Career satisfaction survey: Coping with stress

April 8, 2015
More than half of dental hygienists feel stressed by their jobs on a daily or weekly basis, and 67% believe a supervisor or workload is the cause of the stress, according to a survey conducted by RDH eVillage in January 2015.

More than half of dental hygienists feel stressed by their jobs on a daily or weekly basis, and 67% believe a supervisor or workload is the cause of the stress, according to a survey conducted by RDH eVillage in January 2015.

A silver lining is that the stress does not spill over into dental hygienists’ personal lives. Workplace stress has not impacted family relationships, for example, among 66% of the 1,122 dental hygienists who participated in the survey. In addition, 56% are “almost always” satisfied with their efforts to balance work life with their personal lives.


This article is the final article of a series of articles about career satisfaction in dental hygiene. If you missed reading the other articles, the links are below.


The survey asked dental hygienists how often they feel stressed by their occupation.

“The stress is affecting my mood,” a California hygienist noted. “I'm more crabby now and also am finding it harder to work with difficult patients. One awful one can ruin my whole day and evening. Working on people's teeth is just not easy! We deserve our good pay, because this job is very demanding!”

Relationships with patients, however, are not a leading cause of stress among dental hygienists. The boss and the workload were the most common answers regarding the cause of stress.

“Dental hygienists never get a break at work,” an Oklahoma hygienist said. “We're constantly going non-stop and are lucky to have time for a bathroom break or lunch. It's exhausting.”

A Texas hygienist added, “Too stressful, and, if you're not in clinical hygiene, then you just will not understand.”

Some hygienists wrote about additional causes of stress, including:

  • "For the past two years our office has employed a 'practice coach.' She comes to our office every three months and stays for two days. The first day she observes how we are doing, such as staying on time, relationship linking, maintaining quotas, etc. The second day we have a full-day meeting and talk about or get lectured on what we are doing right/wrong. This is a big part of my stress."
  • "Being paid on commission is one of the most stressful things for me."
  • "The problem is finding the right office with people who actually appreciate what you do and are willing to pay a decent amount for the hard work you put in, not to mention benefits and vacation days."
  • "I understand dentistry is a business. But my workload has increased and the pay has gone down. My body hurts. I am not offered insurance and cannot afford it, so I can't go to the physician to find out what is wrong. Very sad because I love my patients, and I wish I could have the time to take care of them properly."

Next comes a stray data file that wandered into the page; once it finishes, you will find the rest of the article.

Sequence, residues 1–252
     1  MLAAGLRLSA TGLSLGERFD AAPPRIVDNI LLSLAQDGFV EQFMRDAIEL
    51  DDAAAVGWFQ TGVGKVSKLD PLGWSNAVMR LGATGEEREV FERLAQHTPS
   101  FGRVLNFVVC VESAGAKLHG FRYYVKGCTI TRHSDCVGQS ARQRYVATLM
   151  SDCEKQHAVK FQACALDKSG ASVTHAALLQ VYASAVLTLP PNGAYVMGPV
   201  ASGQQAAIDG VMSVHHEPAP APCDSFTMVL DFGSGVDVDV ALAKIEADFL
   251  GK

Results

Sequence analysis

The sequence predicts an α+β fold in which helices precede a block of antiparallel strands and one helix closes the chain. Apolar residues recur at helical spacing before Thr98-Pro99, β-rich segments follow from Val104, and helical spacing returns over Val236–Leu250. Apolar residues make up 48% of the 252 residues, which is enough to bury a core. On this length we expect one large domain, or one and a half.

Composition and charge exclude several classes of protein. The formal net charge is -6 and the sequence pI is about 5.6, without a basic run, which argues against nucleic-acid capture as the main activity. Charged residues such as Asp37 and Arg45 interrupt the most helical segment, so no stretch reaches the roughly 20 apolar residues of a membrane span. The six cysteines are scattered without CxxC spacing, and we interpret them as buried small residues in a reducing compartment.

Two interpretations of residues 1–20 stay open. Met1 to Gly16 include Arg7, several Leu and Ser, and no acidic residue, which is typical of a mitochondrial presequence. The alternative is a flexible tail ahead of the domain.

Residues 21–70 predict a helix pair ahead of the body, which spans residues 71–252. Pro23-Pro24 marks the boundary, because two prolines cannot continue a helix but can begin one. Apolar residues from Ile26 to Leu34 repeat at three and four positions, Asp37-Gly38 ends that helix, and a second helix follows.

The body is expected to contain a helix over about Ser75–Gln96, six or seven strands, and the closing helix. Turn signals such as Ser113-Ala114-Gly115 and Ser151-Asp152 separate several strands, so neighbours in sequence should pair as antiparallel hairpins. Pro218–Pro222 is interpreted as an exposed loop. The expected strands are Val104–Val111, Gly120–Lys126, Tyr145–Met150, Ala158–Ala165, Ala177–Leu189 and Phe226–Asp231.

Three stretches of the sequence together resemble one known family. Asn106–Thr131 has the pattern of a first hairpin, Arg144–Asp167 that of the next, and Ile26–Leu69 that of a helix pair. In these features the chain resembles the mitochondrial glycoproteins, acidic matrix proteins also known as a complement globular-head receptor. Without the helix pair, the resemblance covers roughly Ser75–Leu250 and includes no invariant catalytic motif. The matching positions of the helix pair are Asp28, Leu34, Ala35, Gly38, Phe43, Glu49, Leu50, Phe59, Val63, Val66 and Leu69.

A question about the effect of stress on physical health among dental hygienists indicated a split response. Forty-six percent said workplace stress has not caused “any physical illness, insomnia, depression, etc.” However, 42% said the career does have an effect, and 12% were uncertain.

Despite any aches or concerns about being a dental hygienist, most would appear to leave the stress at work.

An Alaska hygienist wrote, “I love my work, but not necessarily my job. When I started, it was a service occupation, dedicated to helping people with their oral health. Now it seems dentists come out of school with financial goals as first priority, and run their offices accordingly. As a hygienist in a state that has no independent practice for us, I feel trapped in an occupation that has my heart, but is necessarily practiced in a disconnected and unpalatable environment. I frequently ponder ethical issues.”

A list of options was presented to survey participants about how they cope with stress. By far, an attentive family member or friend is the preferred choice to releasing pent-up emotions caused by workplace stress.

A Washington state dental hygienist said, “If I didn't work out almost daily and have massages twice a month I couldn't be a hygienist. Counseling helps also. I work in three offices with three different computer systems, and it's stressful!”

The employer and colleagues are also factors in release stress. One question asked if hygienists have shared that they are stressed with either the employer or colleagues, and 63% indicated that they have.

Another question asked, “Do you feel like your employer cares about the stress you feel, or takes steps to prevent stress in your workday?” Only 25% said the employer is supportive; the remainder said the boss does not care (55%) or are uncertain (20%)